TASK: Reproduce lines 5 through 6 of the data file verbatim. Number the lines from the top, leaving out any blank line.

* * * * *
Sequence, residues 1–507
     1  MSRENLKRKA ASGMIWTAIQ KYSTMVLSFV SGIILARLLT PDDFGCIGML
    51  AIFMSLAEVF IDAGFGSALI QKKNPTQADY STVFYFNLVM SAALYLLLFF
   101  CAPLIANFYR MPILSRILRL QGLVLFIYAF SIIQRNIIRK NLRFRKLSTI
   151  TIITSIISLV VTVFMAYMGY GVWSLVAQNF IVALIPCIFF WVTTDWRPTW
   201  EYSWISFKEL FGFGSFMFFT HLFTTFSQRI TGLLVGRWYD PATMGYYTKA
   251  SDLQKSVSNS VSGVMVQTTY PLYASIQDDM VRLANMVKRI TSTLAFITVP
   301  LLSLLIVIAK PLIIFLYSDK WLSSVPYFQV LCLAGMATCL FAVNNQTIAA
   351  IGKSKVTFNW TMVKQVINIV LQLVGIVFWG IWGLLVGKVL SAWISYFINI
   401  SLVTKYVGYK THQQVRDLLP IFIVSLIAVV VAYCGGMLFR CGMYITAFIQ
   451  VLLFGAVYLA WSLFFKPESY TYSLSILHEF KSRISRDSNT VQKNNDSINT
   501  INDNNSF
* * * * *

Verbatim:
   151  TIITSIISLV VTVFMAYMGY GVWSLVAQNF IVALIPCIFF WVTTDWRPTW
   201  EYSWISFKEL FGFGSFMFFT HLFTTFSQRI TGLLVGRWYD PATMGYYTKA